Researchers reveal genetic and evolutionary characteristics of tricotyledony in sand rice
Known as a pioneer herb on the moving sand dunes of Central Asia, sand rice has been recommended as a potential future crop due to its excellent drought tolerance and rich nutritional value.
Tricotyledony is an occasional occurrence in dicotyledonous plants, including sand rice, mainly due to genetic variability, artificial selection, and environmental stress, with complex molecular and genetic mechanisms involved.
Recently, a research team led by Prof. Zhao Pengshan from the Northwest Institute of Eco-Environment and Resources of the Chinese Academy of Sciences (CAS) identified the tricotyledony occurrence from natural populations of sand rice and isolated the mutant seedlings with more than two cotyledons from the chemical mutagenesis library, to assess the evolutionary significance and genetic basis of the cotyledon number in dicotyledon species.
This study was published in Genetic Resources and Crop Evolution on Aug. 29.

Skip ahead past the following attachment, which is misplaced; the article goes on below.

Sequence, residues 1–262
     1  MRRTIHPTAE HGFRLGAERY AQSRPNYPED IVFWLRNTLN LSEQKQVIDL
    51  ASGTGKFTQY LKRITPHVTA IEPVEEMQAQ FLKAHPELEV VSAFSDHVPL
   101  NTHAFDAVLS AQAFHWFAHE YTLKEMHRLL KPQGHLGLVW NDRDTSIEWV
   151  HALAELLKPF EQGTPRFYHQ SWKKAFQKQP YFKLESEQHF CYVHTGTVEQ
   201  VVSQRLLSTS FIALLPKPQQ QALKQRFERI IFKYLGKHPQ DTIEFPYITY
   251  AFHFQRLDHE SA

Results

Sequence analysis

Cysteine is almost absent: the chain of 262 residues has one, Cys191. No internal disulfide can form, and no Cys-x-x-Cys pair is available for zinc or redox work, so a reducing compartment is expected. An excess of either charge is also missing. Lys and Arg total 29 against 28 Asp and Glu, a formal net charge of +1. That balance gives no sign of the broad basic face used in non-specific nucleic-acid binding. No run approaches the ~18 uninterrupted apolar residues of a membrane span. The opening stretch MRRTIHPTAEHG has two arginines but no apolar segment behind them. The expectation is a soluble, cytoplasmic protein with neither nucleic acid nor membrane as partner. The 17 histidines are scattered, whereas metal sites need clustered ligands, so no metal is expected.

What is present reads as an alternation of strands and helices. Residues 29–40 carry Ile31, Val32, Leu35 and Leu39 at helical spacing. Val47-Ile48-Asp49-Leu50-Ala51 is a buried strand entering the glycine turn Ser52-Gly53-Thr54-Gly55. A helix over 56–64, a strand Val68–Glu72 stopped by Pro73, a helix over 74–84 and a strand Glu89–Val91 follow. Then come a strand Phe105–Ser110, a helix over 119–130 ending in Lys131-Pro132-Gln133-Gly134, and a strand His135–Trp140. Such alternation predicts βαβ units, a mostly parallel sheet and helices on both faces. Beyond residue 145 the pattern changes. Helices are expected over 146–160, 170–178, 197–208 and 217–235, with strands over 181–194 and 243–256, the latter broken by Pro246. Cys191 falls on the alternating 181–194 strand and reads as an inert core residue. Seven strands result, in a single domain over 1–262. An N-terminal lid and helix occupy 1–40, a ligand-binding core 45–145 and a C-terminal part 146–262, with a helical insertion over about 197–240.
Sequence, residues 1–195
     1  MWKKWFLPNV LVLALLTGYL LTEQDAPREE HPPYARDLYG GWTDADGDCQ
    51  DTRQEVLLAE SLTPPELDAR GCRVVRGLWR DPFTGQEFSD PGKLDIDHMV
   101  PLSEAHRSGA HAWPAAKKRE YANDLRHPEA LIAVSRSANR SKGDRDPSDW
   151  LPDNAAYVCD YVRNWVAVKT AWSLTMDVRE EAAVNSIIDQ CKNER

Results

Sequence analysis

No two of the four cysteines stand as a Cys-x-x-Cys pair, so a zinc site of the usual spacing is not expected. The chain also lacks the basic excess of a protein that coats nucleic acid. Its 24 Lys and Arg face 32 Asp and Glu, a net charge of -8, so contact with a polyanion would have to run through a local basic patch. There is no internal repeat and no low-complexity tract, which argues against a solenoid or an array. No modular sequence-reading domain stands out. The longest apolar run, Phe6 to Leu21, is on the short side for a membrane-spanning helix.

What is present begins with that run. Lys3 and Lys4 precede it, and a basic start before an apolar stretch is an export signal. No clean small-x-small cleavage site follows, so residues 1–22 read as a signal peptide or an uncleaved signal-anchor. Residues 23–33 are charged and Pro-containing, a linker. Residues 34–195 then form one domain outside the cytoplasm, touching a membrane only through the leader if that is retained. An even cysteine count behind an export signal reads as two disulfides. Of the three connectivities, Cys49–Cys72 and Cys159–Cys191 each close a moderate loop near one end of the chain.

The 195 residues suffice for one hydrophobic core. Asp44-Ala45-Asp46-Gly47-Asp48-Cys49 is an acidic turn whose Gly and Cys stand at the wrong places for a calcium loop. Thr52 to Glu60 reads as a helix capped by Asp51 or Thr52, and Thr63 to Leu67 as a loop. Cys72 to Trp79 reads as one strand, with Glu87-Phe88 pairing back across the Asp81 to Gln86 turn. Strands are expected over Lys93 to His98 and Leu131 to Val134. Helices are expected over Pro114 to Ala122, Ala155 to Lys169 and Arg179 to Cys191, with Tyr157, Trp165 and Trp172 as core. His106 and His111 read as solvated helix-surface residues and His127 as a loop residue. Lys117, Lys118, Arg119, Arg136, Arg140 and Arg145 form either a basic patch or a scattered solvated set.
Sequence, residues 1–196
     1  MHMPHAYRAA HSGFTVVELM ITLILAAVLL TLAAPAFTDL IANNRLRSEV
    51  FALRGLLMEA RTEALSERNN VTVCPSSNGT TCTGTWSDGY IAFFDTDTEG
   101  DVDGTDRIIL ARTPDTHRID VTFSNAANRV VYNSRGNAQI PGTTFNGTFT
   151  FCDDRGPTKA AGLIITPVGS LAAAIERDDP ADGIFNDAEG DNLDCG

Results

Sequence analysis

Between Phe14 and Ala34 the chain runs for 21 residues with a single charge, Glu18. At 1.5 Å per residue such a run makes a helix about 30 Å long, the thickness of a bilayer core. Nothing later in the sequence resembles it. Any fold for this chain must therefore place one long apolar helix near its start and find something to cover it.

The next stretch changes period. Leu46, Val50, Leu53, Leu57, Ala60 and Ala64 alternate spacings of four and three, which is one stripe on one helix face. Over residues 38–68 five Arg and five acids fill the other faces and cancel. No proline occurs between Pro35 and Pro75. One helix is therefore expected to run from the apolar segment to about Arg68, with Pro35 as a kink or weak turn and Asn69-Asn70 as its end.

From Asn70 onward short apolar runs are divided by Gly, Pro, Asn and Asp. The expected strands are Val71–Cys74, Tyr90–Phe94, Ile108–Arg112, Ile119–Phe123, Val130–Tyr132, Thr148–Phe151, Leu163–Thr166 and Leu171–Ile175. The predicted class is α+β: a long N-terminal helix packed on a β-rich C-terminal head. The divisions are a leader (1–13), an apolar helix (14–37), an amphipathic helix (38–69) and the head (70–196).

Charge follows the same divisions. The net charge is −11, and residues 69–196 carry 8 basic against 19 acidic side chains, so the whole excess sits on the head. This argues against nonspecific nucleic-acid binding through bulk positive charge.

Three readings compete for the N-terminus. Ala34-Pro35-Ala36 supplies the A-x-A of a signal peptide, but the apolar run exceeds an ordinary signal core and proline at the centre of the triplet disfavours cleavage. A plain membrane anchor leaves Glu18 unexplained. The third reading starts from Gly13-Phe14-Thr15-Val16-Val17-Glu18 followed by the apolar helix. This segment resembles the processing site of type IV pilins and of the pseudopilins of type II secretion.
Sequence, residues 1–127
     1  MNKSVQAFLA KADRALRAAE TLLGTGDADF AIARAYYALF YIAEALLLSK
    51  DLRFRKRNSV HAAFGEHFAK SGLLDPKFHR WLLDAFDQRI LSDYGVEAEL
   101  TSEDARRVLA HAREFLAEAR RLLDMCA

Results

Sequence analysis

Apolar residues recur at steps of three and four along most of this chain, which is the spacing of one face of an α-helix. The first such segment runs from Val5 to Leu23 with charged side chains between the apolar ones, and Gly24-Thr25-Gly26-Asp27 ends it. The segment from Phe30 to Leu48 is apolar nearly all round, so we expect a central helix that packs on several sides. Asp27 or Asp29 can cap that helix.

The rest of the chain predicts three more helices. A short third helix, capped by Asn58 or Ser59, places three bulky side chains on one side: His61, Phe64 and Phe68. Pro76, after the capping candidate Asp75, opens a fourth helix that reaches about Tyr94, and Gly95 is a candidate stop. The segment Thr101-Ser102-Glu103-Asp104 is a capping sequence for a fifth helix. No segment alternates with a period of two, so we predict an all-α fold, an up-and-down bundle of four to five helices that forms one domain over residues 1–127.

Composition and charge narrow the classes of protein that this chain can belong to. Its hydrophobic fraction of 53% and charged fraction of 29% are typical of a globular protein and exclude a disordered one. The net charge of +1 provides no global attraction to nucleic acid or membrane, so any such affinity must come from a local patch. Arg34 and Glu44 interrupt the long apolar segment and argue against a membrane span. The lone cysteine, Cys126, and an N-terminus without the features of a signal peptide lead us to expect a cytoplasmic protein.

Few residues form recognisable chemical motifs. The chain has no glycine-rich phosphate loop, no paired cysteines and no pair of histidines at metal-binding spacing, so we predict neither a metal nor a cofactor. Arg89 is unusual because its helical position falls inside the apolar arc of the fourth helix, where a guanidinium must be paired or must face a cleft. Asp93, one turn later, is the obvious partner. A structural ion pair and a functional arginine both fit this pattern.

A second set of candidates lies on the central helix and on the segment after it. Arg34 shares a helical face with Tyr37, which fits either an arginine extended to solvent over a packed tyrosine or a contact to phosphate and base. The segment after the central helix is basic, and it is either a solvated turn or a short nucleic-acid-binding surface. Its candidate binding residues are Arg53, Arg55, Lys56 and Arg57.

The researchers found that spontaneous tricotyledonony occurred in different sand rice accessions, with occurrence rate ranging from 0.83% to 14.29%.
The tricotyledonous seed quality of sand rice varied in different regions. Tricotyledonous plants at Duolunbei showed defects in seed development, while tricotyledonous plants at Shigatse showed significant increases in seed weight, suggesting that tricotyledonous plants are associated with growth phenotypic variation in different accessions.
This result suggested that cotyledon number change could produce some correlated variation in adult phenotypes, which in turn affect the fitness of the sand rice to the external environment.
In addition, the study implies that extreme environments and/or internal genetic variation are a pervasive conserved/converged state that influences the emergence of tricotyledonous leaves in dicotyledonous plants.
More information: Ruilan Ran et al, Tricotyledony in sand rice (Agriophyllum squarrosum), Genetic Resources and Crop Evolution (2023). DOI: 10.1007/s10722-023-01712-7
Provided by Chinese Academy of Sciences